Good film for minimum air permeability 

In all cases, high quality film is vital for good preservation of the bale. Plastic wrapping film is never 100% airtight, but good film is characterised by minimum air permeability. Using lower quality film will affect how the crop is processed in the baler-wrapper combination and the overall forage quality. In addition, cheaper film increases the risk of forage losses, as air can penetrate the bales faster so to compensate for that, you need to use more layers of film to wrap the bale. 

Low costs with the same film 

Binding bales with net has been standard practice for years. However, film binding has been gaining ground on using net in recent years. And with its rise in popularity, the benefits of film binding are also becoming more evident. For example, a bale bound with film is more dimensionally stable, easier to open and has more oxygen-tight coverage. In addition, the farmer only has one type of waste material that is easy to dispose of. However, all benefits come at a price. Compared with net binding, binding a bale with film is up to €1 more expensive2. However, if the same film can be used to bind and wrap – as is the case with KUHN balers with film binding – this extra cost can be reduced to €0.50. If you decide to change from the standard six layers and take the condition of the crop material and storage conditions into account more, you can apply a total of five layers. This means the cost is identical to a net tied bale plus six layers of film wrap. And with young crop material with a sufficient sugar content3, you can even get away with using a layer of film less!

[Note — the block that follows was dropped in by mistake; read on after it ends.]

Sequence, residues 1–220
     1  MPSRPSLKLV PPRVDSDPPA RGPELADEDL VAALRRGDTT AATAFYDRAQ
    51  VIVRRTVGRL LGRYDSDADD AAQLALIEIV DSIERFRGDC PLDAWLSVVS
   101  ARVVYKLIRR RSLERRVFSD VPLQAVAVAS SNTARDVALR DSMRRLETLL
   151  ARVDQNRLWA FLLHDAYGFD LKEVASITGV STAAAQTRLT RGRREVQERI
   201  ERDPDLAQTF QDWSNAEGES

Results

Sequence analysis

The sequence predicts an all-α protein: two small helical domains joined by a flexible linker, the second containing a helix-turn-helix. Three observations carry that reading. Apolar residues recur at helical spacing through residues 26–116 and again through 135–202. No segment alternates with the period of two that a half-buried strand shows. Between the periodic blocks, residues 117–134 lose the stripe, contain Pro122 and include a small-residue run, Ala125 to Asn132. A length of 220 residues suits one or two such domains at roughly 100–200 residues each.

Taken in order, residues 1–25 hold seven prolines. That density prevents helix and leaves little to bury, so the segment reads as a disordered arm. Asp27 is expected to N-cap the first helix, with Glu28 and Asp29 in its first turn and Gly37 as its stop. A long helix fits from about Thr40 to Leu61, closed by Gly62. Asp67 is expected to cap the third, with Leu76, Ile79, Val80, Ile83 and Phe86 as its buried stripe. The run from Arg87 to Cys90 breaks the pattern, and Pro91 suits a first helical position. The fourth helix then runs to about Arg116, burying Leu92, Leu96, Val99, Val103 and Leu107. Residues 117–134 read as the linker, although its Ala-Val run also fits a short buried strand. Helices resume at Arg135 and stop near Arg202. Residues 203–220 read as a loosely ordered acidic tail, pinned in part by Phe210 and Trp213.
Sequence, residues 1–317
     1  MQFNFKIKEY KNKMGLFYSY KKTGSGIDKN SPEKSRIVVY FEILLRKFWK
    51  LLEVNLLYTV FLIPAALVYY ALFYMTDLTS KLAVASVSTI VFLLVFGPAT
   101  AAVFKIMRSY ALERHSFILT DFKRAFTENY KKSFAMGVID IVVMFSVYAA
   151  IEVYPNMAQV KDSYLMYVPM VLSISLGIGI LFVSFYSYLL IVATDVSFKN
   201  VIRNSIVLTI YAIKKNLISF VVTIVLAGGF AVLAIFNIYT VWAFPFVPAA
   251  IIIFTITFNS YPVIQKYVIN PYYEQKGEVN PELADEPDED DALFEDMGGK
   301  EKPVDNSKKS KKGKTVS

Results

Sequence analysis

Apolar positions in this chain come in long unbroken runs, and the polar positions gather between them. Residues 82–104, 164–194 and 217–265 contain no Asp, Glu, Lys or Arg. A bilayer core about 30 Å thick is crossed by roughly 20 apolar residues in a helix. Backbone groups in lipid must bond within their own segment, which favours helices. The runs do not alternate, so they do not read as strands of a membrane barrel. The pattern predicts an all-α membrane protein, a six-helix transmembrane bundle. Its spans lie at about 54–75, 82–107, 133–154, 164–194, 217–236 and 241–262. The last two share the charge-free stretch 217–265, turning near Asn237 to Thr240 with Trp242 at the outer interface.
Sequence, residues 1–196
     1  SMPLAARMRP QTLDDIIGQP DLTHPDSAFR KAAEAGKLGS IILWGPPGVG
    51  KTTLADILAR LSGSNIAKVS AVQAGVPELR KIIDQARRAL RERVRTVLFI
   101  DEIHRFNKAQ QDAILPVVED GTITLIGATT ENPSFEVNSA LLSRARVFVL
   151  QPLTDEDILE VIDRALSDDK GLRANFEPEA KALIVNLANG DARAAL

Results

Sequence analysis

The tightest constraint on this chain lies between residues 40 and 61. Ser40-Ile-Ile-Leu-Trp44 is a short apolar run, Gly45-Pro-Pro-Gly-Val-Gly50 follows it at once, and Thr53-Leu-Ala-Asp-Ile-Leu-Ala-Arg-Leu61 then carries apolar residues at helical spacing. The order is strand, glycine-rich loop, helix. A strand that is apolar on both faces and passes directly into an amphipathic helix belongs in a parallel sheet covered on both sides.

Winter check your round baler

Reliability is one of the most important requirements of your baler-wrapper combination. The machine is needed every minute of the short time window. Nothing is more frustrating than downtime in the middle of the harvest period. Therefore preventive maintenance in a quiet period of the year is highly recommended. 

Preventive maintenance pays off

Replacing parts and replenishing oils and lubricants during maintenance is significantly cheaper than performing repairs that result from deferred or overdue maintenance. Thanks to good and timely maintenance you save costs in the long run. 

Winter Checklist for combi balers 

What exactly needs to be done during a check is listed in the manufacturer’s maintenance instructions and maintenance intervals. These can be found in the user manual of your machine. To make it even easier for you, we provide you a Winter Checklist for KUHN FBP and VBP combi balers.  

Download the PDF and you will know exactly which points to check and where to find additional information.  

Checklist KUHN FBP 

Checklist KUHN VBP 

Also read: 

How does KUHN make a good bale?

The KUHN FBP (fixed chamber) and VBP (variable chamber) baler-wrapper combinations have a number of unique features that always create the perfect round bale. Even cutting quality, correct bale density, consistently filled bales, stable shape retention and firmly wrapped are what you can expect from bales produced by the KUHN FBP and VBP series.